The fundamental and foundational neutrality in modern discourse is here extremely noticeable. Its inability to speak significantly, to speak ‘real’ difference, carries all peoples and persons away. In ‘modern’ death there are no people, no one dies. Here we see the de-differentiating effect of nihilism. Bodies come apart as different discourses carry limbs away. This cool epistemic intelligibility of a Dionysian frenzy fashions whole systems of explanatory description."


from Conor Cunningham's Genealogy of Nihilism: Philosophies of Nothing and the Difference of Theology

2 comments:

Joshua Lore said...

Michael,
This piece is very intriguing to me because it touches on many question's and idea's that have been of real interest to myself, especially over the past year. I'm always interested to see what is going on in someone's mind when they post or copy a piece of text like this. How would you take it to task? What do you feel is essential about it, in the immediate sense?

I think instantly of Heidegger's notion of "standing reserve" as I begin to read this, as he comments on Kant's idea of a world given value by man. A world initially rich in its own inherent significance, flattened by modernity, which seeks always to diminish the "spontaneous activity of nature," as I believe John Mill called it, or the mysterium tremendum, to use the Church's vocabulary which I believe is more accurate. Things begin to have no inherent dignity in themselves, but only insofar as we find them useful. A "Factory World"--one of lack, as opposed to one of abundance, which must be tamed to operate via laws of efficiency in order to persist for our good (but with a critical loss of freedom). I realize this veers away somewhat from the focus of the author you've posted here, but it's the side of this line of thought that I am more familiar with and which is, I believe, closely related to this idea of "systemic erasure." I wonder though, in Cunningham's terms, how should we speak 'real' difference? How do we describe the world, events, tragedies, without delimiting the power of these things to make real demands upon us? Or, worst of all, am I missing the point entirely?

Michael Serra said...

Joshua,

I would love to chat with you about this sometime soon. I would love to hear more of your thoughts on some of the issues you are raising as well. I am honored that you would want to hear more of my thoughts on this, but find myself momentarily impatient with using the internet as a mediator. I hope that we can perhaps get to know each other a bit more as I am in your area, and certainly, I always appreciate your thoughtful responses on this blog.

As far as speaking 'difference,' without disinheriting forms and persons of their ultimate significance by a sort of choose your own adventure game of applying meaning through language, in the realm of writing about culture, tragedy, and the quotidian, I am certain that language can never carry the burden of representation for the tragic, the terrible, and the suffering, in a way that evades some sort of effacement. Language can never carry the burden that it is forced to when individual suffering and bodily pain (See Elaine Scarry's The Body in Pain)isolate an individual from the common currencies of descriptive language.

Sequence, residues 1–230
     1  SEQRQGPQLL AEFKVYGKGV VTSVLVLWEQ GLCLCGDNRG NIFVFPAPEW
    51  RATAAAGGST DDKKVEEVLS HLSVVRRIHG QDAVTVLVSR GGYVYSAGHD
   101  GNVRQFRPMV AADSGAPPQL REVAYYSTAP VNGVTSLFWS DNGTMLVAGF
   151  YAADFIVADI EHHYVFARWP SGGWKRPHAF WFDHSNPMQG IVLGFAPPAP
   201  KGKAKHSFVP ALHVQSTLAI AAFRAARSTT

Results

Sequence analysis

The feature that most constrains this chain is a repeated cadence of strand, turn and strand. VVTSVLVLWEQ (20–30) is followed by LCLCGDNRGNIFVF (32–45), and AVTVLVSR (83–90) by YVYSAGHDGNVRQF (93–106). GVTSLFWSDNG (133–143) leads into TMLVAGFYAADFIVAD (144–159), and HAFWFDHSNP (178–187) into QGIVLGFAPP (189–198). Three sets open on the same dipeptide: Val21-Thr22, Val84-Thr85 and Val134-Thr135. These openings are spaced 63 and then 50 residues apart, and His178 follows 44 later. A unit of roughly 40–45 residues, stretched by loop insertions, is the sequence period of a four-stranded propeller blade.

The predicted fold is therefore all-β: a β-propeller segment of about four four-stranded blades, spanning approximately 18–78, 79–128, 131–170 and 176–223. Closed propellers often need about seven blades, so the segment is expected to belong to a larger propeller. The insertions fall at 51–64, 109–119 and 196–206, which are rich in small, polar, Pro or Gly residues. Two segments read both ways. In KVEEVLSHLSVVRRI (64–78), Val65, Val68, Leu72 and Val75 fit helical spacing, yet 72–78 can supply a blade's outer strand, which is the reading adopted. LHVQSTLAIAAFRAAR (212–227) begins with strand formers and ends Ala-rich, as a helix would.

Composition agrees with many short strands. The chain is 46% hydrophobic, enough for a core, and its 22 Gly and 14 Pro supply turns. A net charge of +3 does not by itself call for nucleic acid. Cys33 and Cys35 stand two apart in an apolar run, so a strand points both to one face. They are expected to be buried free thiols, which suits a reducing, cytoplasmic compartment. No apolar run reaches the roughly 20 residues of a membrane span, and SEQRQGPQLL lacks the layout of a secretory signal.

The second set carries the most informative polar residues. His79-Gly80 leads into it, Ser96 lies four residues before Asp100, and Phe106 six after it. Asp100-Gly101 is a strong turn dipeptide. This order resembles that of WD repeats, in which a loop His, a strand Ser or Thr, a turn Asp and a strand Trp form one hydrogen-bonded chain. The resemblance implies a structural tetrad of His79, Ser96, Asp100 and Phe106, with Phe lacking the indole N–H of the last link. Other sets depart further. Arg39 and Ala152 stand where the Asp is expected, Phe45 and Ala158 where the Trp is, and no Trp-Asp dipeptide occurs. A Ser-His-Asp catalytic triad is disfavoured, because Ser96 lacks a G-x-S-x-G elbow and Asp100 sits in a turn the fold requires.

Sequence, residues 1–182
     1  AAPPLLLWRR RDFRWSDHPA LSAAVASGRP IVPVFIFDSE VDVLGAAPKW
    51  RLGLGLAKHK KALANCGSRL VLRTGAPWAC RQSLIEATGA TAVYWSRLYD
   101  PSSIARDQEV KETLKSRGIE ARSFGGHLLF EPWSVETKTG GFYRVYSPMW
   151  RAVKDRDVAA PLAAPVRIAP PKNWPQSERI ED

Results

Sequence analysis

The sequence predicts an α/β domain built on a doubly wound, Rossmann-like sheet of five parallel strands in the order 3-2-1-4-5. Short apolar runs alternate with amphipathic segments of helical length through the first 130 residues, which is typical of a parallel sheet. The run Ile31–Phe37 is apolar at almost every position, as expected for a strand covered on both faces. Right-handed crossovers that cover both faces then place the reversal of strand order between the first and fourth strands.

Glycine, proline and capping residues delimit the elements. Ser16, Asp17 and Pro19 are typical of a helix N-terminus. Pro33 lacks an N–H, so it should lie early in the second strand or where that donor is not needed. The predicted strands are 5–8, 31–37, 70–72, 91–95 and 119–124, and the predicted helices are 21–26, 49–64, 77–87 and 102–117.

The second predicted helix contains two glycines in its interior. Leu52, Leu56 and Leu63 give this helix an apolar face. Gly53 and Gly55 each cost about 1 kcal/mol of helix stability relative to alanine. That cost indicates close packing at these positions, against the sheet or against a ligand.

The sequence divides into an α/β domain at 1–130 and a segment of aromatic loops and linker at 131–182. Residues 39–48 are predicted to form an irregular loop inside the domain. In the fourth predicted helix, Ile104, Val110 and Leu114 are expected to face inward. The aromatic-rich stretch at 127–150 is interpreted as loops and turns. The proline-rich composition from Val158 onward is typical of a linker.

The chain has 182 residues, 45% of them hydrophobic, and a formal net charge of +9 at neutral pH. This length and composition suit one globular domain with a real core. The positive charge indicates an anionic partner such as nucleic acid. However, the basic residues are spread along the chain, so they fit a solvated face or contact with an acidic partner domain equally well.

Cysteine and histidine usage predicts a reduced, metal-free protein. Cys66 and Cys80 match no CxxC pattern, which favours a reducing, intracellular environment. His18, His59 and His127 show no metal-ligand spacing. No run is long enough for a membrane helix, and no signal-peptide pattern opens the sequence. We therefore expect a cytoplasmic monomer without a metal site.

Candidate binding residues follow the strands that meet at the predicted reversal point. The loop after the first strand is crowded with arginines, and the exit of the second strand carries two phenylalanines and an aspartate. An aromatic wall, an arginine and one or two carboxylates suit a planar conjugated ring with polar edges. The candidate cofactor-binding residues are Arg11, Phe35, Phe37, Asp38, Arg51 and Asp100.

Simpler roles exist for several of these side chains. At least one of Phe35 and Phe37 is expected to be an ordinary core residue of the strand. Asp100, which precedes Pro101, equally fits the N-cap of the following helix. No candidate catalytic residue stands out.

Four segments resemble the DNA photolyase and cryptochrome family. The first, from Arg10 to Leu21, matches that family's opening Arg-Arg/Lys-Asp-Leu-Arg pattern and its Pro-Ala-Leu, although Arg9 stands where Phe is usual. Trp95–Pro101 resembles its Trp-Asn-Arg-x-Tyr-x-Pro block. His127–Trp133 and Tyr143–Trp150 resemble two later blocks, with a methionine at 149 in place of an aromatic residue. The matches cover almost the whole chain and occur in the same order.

Questions of ultimate importance for me in the realm of language are becoming more attuned to the underlying strictures of discursive analysis that render all things capable of being objects of knowledge. This is a type of illness that I think a greater proclivity for the subtleties of language can partly treat, but not wholly. I am convinced, unlike the friends of Radical Orthodoxy, that even theology's attempt to bathe language in a theology of peace, effaces and wields a sort of grammar of power acknowledged in the form of discourse. What must be acknowledged is that we have the ability to abstain or comply with granting something its power if its power is a construction. Or unless, it is authority, a word which makes our modern skin burn with discomfort and ache with the predilection that it is not, in fact, up to us.

Kierkegaard responded to this idea in the late 1800's with his essay, "The Difference Between a Genius and an Apostle." The Apostle, unlike the genius, has authority. Today, we are fairly well convinced that we have the ability to grant or take away that authority (from anyone at all) when we please, and our discourses of thought will well render the fury of authority, at the behest of convenience, with a sort of glib ease and willingness to give no account whatsoever for our severity, ignorance, and whimsical self-indulgence, at our own peril.

Radical Orthodox Theology's answer to your final question is taking up the Thomist cudgel of analogical writing and thinking. Is it possible to write or grow in thought without embedding ourselves in a sort of laissez-fairre vision of pursuing knowledge, which I am coming to think is the true curse of the Fall? (We can chase ideas, domesticate them, and make them obey us, and comply with whatever we choose, but we are cursed with the need to chase them.)

One of my favorite images: At being unable to account for the seventh tide of the sea of Euboia, Aristole, throwing himself into the sea, said, "Because I cannot understand you, you shall have me."